Read the true story I'm about to tell you and then visit a historical marker placed upon hallowed ground, just east of Johnsons Park at N. 17th St. and W. Fond du Lac Avenue. The marker refers to a farmhouse owned by the brave Milwaukee abolitionist Rev. Samuel Brown that was used as a safe haven by runaway slaves, the first of whom being Caroline Quarrells, one of my favorite heroines of all time.
As the story goes, Caroline was fifteen or sixteen years old in the summer of 1842, six years before Wisconsin became a state. She sewed and embroidered while waiting on her demanding St. Louis mistress hand and foot. One day in a capricious fit of pique, the mistress decided to cut off all of Caroline's beautiful long hair. As any self-respecting female can imagine, this was adequate motivation to get the heck out of town. Somehow this illiterate plucky teenager saved $100, threw a bundle of her clothes out of the window, and took off for the Mississippi to board a steamboat for Alton, Illinois. From there, abolitionists snuck her on a stagecoach bound for Milwaukee.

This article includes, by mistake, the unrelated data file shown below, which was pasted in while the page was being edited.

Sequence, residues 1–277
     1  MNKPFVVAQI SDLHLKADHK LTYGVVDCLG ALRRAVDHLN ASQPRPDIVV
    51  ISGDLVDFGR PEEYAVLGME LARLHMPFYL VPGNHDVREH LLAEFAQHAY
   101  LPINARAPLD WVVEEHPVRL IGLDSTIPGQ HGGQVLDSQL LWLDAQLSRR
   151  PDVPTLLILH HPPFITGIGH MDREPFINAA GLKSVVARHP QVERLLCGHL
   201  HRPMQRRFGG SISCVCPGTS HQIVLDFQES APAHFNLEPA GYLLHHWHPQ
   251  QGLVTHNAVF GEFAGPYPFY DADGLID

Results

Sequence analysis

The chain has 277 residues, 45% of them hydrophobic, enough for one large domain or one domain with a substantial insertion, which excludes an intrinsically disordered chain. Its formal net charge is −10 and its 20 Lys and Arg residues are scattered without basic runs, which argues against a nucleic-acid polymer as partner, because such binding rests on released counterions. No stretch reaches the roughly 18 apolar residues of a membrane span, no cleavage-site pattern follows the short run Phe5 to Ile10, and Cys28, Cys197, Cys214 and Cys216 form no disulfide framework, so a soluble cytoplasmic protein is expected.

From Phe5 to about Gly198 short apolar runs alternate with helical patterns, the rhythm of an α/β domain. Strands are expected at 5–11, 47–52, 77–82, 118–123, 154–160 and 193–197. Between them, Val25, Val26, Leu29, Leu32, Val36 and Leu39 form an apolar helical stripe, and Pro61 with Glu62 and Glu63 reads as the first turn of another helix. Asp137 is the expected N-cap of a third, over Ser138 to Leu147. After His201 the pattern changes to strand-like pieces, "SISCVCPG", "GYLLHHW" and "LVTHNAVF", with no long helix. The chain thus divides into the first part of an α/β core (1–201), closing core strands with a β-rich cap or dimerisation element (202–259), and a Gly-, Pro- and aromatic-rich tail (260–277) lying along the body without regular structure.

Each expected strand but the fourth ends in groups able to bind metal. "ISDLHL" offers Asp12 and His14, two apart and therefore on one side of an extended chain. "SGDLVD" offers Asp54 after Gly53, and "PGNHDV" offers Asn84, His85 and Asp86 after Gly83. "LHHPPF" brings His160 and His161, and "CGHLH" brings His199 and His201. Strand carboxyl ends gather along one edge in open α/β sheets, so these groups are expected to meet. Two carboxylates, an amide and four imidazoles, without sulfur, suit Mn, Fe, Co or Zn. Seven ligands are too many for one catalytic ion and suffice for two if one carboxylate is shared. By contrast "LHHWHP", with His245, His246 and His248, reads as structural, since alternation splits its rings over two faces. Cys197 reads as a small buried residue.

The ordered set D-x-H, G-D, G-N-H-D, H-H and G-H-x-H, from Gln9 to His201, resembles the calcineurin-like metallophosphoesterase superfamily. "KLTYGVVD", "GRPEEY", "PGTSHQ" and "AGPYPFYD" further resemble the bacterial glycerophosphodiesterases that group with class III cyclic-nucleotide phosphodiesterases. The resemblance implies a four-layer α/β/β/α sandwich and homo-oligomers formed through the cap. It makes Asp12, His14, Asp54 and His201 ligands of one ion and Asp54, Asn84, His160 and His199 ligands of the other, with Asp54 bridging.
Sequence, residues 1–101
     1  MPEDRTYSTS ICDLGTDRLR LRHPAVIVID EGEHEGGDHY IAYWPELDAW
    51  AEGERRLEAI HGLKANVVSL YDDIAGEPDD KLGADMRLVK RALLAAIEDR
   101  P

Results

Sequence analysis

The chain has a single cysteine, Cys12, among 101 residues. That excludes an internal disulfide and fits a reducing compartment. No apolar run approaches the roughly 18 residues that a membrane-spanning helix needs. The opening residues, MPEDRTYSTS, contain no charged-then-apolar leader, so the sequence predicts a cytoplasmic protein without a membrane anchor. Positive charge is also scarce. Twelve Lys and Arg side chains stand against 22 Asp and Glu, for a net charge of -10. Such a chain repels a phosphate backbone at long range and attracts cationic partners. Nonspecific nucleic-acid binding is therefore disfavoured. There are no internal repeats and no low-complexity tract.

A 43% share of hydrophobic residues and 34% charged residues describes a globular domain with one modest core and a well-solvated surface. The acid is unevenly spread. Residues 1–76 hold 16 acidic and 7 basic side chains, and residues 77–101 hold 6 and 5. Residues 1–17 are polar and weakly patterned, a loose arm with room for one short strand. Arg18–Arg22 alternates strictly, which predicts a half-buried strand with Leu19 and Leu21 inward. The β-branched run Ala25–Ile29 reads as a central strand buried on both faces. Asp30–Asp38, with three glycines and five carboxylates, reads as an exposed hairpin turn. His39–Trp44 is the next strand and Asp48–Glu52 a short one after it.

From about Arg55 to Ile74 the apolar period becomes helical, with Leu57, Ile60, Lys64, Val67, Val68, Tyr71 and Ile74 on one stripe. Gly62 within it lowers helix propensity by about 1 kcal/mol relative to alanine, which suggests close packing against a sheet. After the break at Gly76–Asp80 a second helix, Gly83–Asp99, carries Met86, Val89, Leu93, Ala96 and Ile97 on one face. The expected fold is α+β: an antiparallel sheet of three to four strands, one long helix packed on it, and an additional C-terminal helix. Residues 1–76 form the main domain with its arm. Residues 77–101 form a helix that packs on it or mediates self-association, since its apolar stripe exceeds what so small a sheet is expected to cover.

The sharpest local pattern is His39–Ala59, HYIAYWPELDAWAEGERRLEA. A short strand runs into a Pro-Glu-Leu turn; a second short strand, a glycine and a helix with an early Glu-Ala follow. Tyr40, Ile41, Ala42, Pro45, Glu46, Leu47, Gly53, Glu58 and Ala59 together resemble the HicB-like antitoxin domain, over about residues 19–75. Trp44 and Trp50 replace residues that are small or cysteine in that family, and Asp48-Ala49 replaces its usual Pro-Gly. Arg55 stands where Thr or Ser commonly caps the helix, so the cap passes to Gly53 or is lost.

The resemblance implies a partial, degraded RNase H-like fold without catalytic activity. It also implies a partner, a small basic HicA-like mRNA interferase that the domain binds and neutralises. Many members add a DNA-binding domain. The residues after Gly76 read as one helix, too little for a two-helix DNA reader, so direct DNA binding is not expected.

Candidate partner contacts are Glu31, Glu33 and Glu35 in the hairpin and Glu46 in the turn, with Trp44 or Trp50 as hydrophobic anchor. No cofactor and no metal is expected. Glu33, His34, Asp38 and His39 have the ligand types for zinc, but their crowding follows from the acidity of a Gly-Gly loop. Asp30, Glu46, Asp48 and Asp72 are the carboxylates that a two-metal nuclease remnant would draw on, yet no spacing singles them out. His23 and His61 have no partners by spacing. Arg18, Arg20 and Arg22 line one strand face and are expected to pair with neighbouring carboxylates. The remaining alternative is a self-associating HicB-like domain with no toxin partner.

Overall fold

Constantly pursued by bounty hunters, Caroline was hidden by the courageous Rev. Brown in Milwaukee and then spirited away to Pewaukee, Waukesha, Spring Prairie, and parts north. In early September of 1842, Caroline crossed safely to freedom in a town established by escaped slaves called Sandwich, Ontario. After her crossing, Caroline began to cry, asking if it was possible that she had been tricked and taken back to Missouri because it appeared to her as if she were on the banks of the Mississippi, opposite St. Louis. Eventually she was convinced that she was indeed safe and free. She settled in and learned how to read, married happily three years later, and was instrumental in building the first black Baptist church in Sandwich.
Celebrate Black History Month--it's all around you.